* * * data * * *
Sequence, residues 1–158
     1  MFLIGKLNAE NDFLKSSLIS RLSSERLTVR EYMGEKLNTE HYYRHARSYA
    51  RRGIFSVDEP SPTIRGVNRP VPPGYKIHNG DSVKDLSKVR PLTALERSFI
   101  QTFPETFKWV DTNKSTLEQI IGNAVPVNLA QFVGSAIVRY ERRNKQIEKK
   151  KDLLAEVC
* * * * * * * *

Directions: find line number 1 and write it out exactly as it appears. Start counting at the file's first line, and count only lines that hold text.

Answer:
Sequence, residues 1–158